Engraftment should occur at some point between day 20 and day 50.  The average with transplants from cord blood is 28 days.  We'll be grateful no matter when it happens, but we sure hope it's closer to 20 than 50.

Millie's Princess 5K
We're very excited for the 5K on June 30th that has been organized by wonderful friends and supporters in our neighborhood.  Despite the challenges that they are dealing with themselves, they have stepped up to support us.  Amanda and I are looking forward to being there, barring an emergency with Millie.  We've had so much support throughout the past two years.  It will be an amazing event, and at a point that is sure to be a very tough time for our family, it will be wonderful to get together with so many people who support us.

For more info, go to

One More Thank You
We have been overwhelmed by the kindness by so many.  Words cannot describe the gratitude we feel for the countless wonderful things, both big and small, that have been done for us.  While living in the hospital, we have not been able to keep up on thank you notes, but we hope that you all know how much we appreciate the support.  It has been a rough six months, not to mention the two years before that, but we as a family are feeling strong and are as optimistic for the future as ever.  We have shown more strength than we knew we could, and we know that the strength has come from all of you.

I want to extend a very special to Tony McGill, his family and friends, and our wonderful classmates from Oxford.  Tony ran the Brooklyn half marathon in Millie's honor and organized a fundraiser.  Tony set a very ambitious goal and then exceeded all expectations.  As a side note, you'll notice the sweet "Miles for Millie" shirt.  My brothers recently did the St George Ironman for the second time and had these made.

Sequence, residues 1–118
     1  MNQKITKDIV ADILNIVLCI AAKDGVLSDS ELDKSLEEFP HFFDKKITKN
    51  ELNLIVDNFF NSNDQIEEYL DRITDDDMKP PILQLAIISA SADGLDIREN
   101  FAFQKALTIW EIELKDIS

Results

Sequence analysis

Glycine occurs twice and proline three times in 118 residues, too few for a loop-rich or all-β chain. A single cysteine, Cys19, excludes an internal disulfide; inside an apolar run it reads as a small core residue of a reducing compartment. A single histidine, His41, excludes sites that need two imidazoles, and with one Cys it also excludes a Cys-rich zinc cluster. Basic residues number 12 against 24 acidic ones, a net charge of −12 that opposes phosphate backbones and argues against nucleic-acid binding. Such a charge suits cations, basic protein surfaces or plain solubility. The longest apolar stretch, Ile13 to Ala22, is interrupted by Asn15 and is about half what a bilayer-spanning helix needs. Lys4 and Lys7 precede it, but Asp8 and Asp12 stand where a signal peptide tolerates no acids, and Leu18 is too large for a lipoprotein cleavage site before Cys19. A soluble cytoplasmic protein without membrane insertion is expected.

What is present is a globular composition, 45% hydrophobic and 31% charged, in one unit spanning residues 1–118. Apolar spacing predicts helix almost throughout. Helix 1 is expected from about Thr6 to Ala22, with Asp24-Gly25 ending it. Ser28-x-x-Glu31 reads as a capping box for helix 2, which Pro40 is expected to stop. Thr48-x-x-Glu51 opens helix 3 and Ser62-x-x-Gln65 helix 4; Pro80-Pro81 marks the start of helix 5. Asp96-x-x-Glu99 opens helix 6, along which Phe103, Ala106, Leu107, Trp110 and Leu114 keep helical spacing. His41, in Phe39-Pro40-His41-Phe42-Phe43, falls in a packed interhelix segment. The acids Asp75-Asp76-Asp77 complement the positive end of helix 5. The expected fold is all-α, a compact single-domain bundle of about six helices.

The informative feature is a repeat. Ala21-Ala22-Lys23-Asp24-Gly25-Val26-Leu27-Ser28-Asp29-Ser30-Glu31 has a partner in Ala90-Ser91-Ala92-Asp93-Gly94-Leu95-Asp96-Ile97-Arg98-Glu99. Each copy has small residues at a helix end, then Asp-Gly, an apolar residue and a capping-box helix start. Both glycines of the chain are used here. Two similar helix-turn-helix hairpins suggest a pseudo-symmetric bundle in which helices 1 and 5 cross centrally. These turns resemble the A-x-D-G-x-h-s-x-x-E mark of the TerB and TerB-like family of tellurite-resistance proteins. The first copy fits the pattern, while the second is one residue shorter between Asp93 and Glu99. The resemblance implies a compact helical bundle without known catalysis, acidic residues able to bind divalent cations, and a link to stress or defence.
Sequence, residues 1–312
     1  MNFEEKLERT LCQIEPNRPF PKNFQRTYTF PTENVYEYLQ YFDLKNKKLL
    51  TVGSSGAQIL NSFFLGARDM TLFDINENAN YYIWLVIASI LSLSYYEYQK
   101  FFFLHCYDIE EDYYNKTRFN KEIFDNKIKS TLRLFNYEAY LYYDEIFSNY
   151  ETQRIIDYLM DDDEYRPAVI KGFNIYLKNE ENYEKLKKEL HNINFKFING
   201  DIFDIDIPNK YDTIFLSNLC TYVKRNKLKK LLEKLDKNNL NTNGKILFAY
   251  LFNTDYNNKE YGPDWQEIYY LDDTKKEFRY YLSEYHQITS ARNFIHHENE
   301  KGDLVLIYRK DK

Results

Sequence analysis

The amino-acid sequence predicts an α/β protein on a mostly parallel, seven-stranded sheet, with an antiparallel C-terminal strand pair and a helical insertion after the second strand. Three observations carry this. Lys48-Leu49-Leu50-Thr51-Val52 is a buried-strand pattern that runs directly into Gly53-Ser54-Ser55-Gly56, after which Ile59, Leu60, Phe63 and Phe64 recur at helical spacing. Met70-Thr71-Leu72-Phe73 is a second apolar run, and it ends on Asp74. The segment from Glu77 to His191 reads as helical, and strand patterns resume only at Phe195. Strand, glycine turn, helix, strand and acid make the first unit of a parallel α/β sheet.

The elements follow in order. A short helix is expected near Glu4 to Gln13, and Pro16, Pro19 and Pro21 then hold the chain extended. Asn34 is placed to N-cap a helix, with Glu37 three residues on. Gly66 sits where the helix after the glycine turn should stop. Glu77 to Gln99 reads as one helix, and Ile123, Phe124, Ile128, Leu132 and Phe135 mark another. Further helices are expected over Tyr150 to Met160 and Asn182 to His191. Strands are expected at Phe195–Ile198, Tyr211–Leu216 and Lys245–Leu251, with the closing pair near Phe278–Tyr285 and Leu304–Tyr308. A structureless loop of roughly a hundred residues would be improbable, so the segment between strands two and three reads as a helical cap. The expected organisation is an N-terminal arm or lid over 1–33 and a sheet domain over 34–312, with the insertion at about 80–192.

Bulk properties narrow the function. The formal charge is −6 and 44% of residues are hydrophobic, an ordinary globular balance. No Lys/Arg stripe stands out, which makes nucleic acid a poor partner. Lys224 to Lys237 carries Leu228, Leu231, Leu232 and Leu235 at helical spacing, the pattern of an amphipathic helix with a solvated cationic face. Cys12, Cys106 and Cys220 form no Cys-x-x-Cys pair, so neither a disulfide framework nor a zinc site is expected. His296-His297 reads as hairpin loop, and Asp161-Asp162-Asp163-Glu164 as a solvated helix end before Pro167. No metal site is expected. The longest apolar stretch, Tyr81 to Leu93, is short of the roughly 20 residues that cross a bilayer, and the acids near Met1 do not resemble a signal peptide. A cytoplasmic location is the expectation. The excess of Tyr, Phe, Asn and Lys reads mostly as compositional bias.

We are so blessed to have so many of you supporting us in every way possible.
Thank You.

Wednesday, 13 June 2012

Anyway We Can for Millie Flamm

This post was written by a total stranger to my family. What a beautiful tribute to Miss Millie. Thank you Katie. You can read more by Katie here

Miss Millie

Sometimes we have bad days wherebad things happen to us and we get stuck in a bad mood.  For me, those days seem to be directly and unmistakably correlated with Monday mornings.  This seems to be the time when that measly-little-ounce of creativity I possess is still stuck on Sunday afternoon’s nap and I have to go to work without it.  What I wouldn’t give for the imagination of a 4-year-old on those days.  Four- year-olds see the world without limits and without the grogginess that comes from too many years of succumbing to bad moods and self pity.  Four-year-olds can see beyond the line that adults call reality and envision themselves as space explorers and superheroes…or princesses.  There is one thing I can think of that a 4-year-old could never imagine though:  being diagnosed with childhood cancer.